First and foremost we need to see a very detailed environmental impact report for Cockburn Sound and the impact a new port at Kwinana would have on the local communities there and the traffic issues and solutions.

We should then also get to see a report on how/if Fremantle Port operations can continue and grow for 20-30 years without and increasing negative impact for North Fremantle, Melville and people living along the rail corridor.

A new freight bridge has been promised but what actually will it do to help solve all the issues we are all aware about, and would a tunnel be a better and realistic option?

There are still so many questions and not enough solutions, and it is not helpful that politicians, the MUA, the Town of Kwinana and other self interest groups are now kicking the political football around, that is going to kick a lot of goals but will probably have no winners.

My suggestion to everyone of them is to stay out of the process and allow Nicole Lockwood and her team to do what they get paid for. Once we see the final recommendations we can scrutinise the outcome and the process and accept or criticise it. No matter what the recommendations are, not everyone will be happy with it, but doing nothing is not an option as the future of Fremantle Port is not infinite.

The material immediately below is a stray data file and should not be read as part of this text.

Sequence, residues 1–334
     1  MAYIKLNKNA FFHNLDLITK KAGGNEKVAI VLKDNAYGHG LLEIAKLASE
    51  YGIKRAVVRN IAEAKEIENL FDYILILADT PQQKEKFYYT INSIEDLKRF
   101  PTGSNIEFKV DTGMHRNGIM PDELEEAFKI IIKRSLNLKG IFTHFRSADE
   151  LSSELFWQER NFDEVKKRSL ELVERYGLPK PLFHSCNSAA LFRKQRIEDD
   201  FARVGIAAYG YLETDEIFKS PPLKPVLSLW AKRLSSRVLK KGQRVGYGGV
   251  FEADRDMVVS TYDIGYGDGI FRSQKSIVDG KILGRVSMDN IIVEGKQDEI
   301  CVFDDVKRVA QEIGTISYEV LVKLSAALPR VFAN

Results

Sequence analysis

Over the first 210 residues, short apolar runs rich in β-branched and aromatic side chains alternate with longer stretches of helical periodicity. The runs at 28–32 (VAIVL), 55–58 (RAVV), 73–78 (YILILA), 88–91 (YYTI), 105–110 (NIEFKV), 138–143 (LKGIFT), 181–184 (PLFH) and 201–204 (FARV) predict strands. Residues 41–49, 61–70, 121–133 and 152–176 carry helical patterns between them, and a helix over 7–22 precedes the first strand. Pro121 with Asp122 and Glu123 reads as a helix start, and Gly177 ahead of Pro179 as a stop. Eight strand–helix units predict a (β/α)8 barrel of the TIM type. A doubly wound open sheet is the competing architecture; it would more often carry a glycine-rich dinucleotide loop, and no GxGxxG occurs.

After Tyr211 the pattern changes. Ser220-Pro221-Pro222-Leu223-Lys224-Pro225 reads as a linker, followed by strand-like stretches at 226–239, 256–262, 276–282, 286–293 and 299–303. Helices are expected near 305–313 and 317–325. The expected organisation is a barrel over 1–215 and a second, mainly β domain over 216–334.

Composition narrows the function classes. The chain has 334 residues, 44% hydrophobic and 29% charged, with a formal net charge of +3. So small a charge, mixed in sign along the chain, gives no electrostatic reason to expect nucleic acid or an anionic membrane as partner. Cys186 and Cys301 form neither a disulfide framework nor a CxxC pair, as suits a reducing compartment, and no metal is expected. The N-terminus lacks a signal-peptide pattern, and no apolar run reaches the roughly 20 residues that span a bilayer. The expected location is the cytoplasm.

Roel Loopers


Posted in city of fremantle, maritime, photography, rain, Uncategorized, weather by freoview on October 4, 2019


watercolour 1


We are expecting pretty wild weather in Fremantle today with heavy rain and storms, so baton down and stay dry and safe.

I took this ‘watercolour’ of the Maritime Museum early this morning when a big shower hit the South Mole, so I photographed it through the wet windscreen of my car.

Roel Loopers